Local News – Postal Restrictions – Natural Gas – Port Comission – Victorian Christmas

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First Class Mail facing delivery slowdown

Postal officials have announced intentions to close the Gateway Mail Processing Center in Springfield.  That would increase the amount of time it takes for a first class letter to reach its destination.  Closure of the center means that if you mailed a letter from Florence to Eugene, it would be trucked to Portland, sorted, and then shipped back down to Eugene for delivery.  That’s a process that could take up to five days.

Currently, the mail would be sorted in Springfield overnight and, in most cases, delivered the next day.  The increase in delivery time for First Class Mail comes on the heels of plans announced earlier this year to close hundreds of rural post offices around the country.  Locally, residents in Swisshome, Deadwood, Walton and Gardiner would lose their rural post offices, forcing many of them to drive several miles to get their mail.

That’s unacceptable according to Oregon’s Fourth District Congressman Peter De Fazio.  The Springfield Democrat says rural residents don’t have many of the same options available to city dwellers.  De Fazio says the closures will be a blow to the economy and he’s calling for the firing of Postmaster General Patrick Donahoe.

State asks for Jordan Cove permit revocation

Lawyers for the state of Oregon have asked a federal agency to revoke permits for a proposed liquefied natural gas terminal in Coos Bay.  Lawyers for Attorney General John Kroger say the Jordan Cove development was originally designed to import gas from overseas, but is now looking for permission to reverse that flow and export it.  The state says the result would be to boost natural gas prices domestically and hurt the economy, so the project is no longer in the public interest.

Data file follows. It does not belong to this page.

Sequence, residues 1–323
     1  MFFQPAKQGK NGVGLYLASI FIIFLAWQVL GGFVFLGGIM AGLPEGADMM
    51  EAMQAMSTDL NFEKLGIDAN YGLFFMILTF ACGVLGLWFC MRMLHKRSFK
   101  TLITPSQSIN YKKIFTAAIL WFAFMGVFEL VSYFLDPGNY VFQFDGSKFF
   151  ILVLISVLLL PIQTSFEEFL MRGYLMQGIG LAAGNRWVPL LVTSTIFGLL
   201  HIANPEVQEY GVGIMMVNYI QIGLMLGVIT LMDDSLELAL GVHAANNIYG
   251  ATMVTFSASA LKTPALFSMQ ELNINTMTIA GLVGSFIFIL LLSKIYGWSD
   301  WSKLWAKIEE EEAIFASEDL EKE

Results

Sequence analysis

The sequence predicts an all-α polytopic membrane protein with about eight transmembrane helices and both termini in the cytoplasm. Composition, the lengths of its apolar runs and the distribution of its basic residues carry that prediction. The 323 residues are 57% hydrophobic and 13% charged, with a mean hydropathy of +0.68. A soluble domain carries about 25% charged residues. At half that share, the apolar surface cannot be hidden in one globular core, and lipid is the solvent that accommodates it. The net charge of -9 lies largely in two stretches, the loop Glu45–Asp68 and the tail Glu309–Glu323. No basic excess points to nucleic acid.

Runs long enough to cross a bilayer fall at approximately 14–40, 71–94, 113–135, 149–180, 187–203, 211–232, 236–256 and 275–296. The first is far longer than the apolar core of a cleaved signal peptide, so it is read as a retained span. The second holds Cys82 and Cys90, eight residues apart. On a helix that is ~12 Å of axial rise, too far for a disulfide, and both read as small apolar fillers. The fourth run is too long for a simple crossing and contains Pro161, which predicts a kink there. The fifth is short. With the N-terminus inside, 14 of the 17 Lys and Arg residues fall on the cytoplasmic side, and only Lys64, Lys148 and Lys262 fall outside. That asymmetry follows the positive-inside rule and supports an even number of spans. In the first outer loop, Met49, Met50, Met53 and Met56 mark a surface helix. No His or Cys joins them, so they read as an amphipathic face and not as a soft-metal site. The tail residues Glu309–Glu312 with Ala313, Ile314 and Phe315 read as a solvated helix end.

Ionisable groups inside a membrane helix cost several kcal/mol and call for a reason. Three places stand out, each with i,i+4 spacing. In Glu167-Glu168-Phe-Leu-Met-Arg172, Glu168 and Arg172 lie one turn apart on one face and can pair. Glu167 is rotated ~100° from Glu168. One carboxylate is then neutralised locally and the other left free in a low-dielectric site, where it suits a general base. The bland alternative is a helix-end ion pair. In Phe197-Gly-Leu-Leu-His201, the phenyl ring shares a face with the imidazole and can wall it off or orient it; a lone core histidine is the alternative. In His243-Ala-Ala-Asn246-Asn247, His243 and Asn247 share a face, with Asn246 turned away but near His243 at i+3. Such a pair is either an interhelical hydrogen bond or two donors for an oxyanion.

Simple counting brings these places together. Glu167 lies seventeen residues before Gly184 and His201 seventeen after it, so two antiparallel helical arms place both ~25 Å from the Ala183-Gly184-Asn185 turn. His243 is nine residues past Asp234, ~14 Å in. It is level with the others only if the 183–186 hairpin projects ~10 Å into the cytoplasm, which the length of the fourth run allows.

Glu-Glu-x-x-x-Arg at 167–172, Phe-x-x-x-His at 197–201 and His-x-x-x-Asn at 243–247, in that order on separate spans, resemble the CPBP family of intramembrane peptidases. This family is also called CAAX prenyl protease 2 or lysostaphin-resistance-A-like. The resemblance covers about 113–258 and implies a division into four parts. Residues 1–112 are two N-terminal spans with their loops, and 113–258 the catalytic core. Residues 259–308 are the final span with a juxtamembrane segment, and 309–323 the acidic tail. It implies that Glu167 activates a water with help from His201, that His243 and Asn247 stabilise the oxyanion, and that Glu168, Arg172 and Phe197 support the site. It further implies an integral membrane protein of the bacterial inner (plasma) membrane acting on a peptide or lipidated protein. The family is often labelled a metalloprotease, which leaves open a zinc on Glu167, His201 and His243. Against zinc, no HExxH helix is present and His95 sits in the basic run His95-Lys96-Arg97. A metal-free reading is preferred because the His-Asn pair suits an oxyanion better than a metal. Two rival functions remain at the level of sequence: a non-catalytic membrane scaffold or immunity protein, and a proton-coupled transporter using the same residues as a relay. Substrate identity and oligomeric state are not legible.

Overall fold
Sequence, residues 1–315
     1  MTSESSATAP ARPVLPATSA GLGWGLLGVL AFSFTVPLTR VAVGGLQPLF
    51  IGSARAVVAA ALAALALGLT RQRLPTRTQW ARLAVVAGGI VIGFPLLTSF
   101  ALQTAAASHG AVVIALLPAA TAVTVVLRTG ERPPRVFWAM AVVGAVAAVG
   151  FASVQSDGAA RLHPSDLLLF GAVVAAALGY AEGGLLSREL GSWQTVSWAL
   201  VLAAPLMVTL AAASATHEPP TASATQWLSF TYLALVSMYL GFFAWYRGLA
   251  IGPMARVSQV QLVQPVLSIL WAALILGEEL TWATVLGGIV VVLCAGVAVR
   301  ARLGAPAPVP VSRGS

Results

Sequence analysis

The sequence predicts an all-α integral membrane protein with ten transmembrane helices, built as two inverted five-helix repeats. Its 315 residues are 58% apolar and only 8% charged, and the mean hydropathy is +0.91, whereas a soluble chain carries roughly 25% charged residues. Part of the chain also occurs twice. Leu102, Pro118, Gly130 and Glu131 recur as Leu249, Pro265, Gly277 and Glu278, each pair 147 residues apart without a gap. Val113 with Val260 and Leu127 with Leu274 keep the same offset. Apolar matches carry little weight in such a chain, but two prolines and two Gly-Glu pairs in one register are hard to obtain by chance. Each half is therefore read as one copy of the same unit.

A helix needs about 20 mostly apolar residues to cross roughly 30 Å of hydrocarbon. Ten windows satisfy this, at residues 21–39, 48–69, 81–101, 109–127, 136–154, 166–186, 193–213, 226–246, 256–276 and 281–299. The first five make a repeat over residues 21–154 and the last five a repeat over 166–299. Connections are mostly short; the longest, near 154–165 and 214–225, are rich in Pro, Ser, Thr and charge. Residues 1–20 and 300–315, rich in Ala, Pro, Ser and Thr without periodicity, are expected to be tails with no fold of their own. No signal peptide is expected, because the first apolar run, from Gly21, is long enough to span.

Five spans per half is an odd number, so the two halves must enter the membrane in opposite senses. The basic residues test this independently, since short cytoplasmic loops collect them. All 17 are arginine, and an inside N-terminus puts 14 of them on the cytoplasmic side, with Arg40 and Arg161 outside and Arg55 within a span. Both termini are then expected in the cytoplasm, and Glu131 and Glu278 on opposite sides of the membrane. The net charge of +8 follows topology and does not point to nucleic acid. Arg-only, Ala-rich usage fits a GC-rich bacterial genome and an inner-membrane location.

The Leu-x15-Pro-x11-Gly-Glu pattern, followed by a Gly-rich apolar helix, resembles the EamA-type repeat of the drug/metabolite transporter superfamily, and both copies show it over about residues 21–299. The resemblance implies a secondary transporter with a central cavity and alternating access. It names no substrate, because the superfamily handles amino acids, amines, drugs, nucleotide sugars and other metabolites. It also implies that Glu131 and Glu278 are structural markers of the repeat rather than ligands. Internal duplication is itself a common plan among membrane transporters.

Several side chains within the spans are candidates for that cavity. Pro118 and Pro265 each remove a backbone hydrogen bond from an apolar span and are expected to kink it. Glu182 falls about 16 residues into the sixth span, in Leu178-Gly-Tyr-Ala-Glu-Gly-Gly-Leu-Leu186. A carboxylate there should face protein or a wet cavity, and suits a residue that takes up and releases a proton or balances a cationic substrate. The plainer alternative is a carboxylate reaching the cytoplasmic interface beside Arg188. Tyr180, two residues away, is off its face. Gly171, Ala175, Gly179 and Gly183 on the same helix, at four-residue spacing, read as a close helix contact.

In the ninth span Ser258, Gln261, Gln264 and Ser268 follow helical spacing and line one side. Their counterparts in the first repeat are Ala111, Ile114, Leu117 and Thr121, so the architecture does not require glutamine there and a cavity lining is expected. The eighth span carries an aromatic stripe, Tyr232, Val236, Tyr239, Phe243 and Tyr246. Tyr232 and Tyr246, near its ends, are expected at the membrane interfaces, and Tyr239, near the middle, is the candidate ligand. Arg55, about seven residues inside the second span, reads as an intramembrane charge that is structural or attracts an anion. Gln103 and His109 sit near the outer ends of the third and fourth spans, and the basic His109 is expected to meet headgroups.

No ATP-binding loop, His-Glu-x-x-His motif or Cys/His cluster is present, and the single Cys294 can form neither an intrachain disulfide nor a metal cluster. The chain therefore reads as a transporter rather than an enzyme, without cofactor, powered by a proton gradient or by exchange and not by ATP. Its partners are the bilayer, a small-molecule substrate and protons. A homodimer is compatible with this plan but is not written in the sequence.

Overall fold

16th Annual Victorian Christmas

The finishing touches are going on the Victorian Christmas décor at the Heceta Light Station 13 miles north of Florence.  While the scenic Heceta Head Lighthouse itself is closed for renovations, the Queen Anne style lighthouse keeper’s residence, a bed and breakfast, has been decorated by volunteers and is open for tours.  Lightstation spokesman Steven Bursey says the residence will be open to the public for free tours over the next two weekends from four to seven pm each Saturday and Sunday.  Donations are gladly accepted, he says, and he wants to remind visitors that an access fee is required for parking at the nearby Lighthouse Scenic View Point.  Bursey says to be sure and dress warmly and bring a flashlight for the short hike up the trail.  Or, he adds, you can catch a shuttle from the parking lot to the B&B.

Port Commission to get ice update

Port of Siuslaw Commissioners will hold a special meeting today to review a report by Key Mechanical, the refrigeration company that has inspected the Siuslaw Fisherman’s Association ice machine on the docks.  After a seven year effort, a community fund drive paid for rehabilitation of the machine, but it almost immediately experienced mechanical problems after installation last spring.  Interim manager Suzy Lacer says the Commission may also go into private executive session to discuss a real property transaction.  That meeting is set for 1:15 this afternoon at the Port of Siuslaw Office.